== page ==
Fall 2013 Apple predictions


If you’re an Apple nerd, I’m sure you’re as excited as I am about this fall. They used to make product releases throughout the year, but not this time. Aside from minor tweaks and the Haswell MacBook Air, we’ve got nothing so far.

I thought it would be interesting to take what we know — the leaks, the rumors, external roadmaps and Apple’s historic choices — and try to predict what they release, with what features, using what technologies and for how much.

Let’s jump right in:


iPhone 5S

I had a hard time figuring out what iPhone 5S could realistically feature to be significantly better than the 5. All previous models had a very strong selling point: iPhone 3G replaced the original iPhone, was cheaper and had a 3G radio; 3GS was much faster; 4 had a stunning Retina display; 4S was much faster and had a better camera; and iPhone 5 was again much faster and also much nicer. What’s 5S’s selling point?

If you remember the iPhone 3GS keynote, S was meant to stand for speed. And it did matter, because iPhone 3G was seriously under-powered. And so was iPhone 4. But the 5 isn’t, as it also doubled the CPU and GPU performance. There just isn’t a need to make it faster, not yet.

“But if it’s not faster, what’s going to make it worth choosing over iPhone 5?” — so I thought. As a nerd I’m biased towards performance and overestimate its impact on purchasing decisions. In reality, most people don’t care, as long as it’s not slow.

Sure, there needs to be something that makes 5S better, but it doesn’t need to be a whole lot — iPhone is optimized for subsidized markets, and when you’re signing up for a $2000 phone contract, the upfront difference between a $100 phone and a $200 phone isn’t that big. I imagine that for most people new colors, a better camera and the mere fact that it’s a new phone are enough.

And for everyone else, for seemingly everyone in the internet, nothing Apple does this year will keep them from being very disappointed. Just like with 4S and with the 5. And yet 5S will be quickly announced to be the best-selling iPhone ever. Just like 4S and 5.

Either way, here are my predictions:

iPhone 5

Last year’s phone, sold for $550 (or $100 subsidized), in 16GB version only. We know how it works.

iPhone 5C

Here’s the problem with selling a two-year-old phone: it’s going to be slow. iPhone 4 is still a very nice, high-quality, premium phone, as it was in 2010. But its guts are subpar. They were fine when the phone was released (and we were too much in awe of the Retina display to complain), but now the A4 gives iPhone 4 bad rep.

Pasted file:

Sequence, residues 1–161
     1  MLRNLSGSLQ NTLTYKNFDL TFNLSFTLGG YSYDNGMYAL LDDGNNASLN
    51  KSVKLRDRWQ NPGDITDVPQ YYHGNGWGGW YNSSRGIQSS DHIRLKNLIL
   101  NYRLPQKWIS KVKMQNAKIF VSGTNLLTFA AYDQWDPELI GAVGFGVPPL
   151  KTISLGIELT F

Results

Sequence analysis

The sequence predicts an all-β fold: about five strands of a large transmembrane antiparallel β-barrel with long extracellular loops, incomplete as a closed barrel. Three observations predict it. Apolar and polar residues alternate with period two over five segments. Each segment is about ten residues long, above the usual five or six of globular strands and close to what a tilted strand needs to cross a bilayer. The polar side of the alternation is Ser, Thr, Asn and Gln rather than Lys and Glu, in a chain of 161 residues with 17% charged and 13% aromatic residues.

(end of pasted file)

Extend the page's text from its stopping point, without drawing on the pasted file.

The point is: a fast phone with cheaper enclosure, display and camera is a better deal than a high-quality phone that’s simply slow.

iPhone 4/4S

Both are out. The 4 is now old and slow, and while 4S is still a pretty good phone, how awkward would it be to sell a nice, glass and steel (albeit old) phone cheaper than a plastic one (even if they were able to)? Also, it would suck to still sell old devices using the 30-pin connector and the 3.5″ display.


iPod shuffle and nano

Other than the possible update of enclosure colors to better match those of iPhone 5C, I don’t expect any changes here.

It’s ridiculous that iPod shuffle only has 2GB of storage, given that 3rd generation Shuffle had a 4GB model and the price difference for Apple is literally $1-2, but since they haven’t done a 4GB Shuffle in 4 years, they probably won’t do one this year either.

iPod classic

To be discontinued. It’s been 6 years since its release. When Classic was introduced, iPhone was still a novelty available only in US and Android as we know didn’t even exist yet. World changed so much since then.

Today, there is only one good reason for its existence: it has more space than any other iPod by a long shot (160GB vs 64GB on the top iPod touch) while being fairly cheap ($250 vs $400 for the top Touch). Still, how many people want 160GB of music in their pocket (or car)? I think not many, especially considering how much better the Touch (and any modern smartphone) is at everything else. Yes, there still will be people who want this much, but it’s a tiny and shrinking market for Apple.

iPod touch

I was very surprised last year that Touch carried the same display as the iPhone 5, since it’s a very expensive part. What I think Apple should have done is use a lower-quality panel (still IPS, just not as good) and a standard touchscreen. The device would be a bit thicker and the screen would be a bit worse, but it would still be great, and Apple would be more willing to put those saved bucks into, say, upgrading RAM to 1GB.